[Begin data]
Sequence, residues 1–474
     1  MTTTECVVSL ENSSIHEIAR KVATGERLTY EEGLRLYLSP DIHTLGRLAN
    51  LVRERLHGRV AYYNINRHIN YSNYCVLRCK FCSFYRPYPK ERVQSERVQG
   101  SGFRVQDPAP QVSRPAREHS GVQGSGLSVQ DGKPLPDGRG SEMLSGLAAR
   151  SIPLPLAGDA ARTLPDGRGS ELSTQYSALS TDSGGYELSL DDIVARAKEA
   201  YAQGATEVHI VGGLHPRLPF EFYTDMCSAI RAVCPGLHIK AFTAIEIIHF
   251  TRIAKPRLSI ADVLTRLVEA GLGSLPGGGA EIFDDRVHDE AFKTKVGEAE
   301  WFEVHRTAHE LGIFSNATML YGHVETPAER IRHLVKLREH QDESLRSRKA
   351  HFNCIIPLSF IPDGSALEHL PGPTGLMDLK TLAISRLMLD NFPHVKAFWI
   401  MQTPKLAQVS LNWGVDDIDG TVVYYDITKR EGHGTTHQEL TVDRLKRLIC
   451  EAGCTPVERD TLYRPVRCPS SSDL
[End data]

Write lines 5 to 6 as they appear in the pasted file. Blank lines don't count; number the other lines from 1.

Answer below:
   151  SIPLPLAGDA ARTLPDGRGS ELSTQYSALS TDSGGYELSL DDIVARAKEA
   201  YAQGATEVHI VGGLHPRLPF EFYTDMCSAI RAVCPGLHIK AFTAIEIIHF